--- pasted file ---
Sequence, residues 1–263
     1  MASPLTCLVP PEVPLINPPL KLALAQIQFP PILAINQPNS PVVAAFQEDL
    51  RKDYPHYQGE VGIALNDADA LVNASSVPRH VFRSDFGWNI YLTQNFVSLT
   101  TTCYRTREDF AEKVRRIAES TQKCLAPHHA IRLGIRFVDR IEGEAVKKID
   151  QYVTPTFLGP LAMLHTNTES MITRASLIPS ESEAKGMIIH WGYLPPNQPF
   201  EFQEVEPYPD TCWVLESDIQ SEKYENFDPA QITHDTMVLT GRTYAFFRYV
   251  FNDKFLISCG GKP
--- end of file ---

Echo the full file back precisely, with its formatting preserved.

Sequence, residues 1–263
     1  MASPLTCLVP PEVPLINPPL KLALAQIQFP PILAINQPNS PVVAAFQEDL
    51  RKDYPHYQGE VGIALNDADA LVNASSVPRH VFRSDFGWNI YLTQNFVSLT
   101  TTCYRTREDF AEKVRRIAES TQKCLAPHHA IRLGIRFVDR IEGEAVKKID
   151  QYVTPTFLGP LAMLHTNTES MITRASLIPS ESEAKGMIIH WGYLPPNQPF
   201  EFQEVEPYPD TCWVLESDIQ SEKYENFDPA QITHDTMVLT GRTYAFFRYV
   251  FNDKFLISCG GKP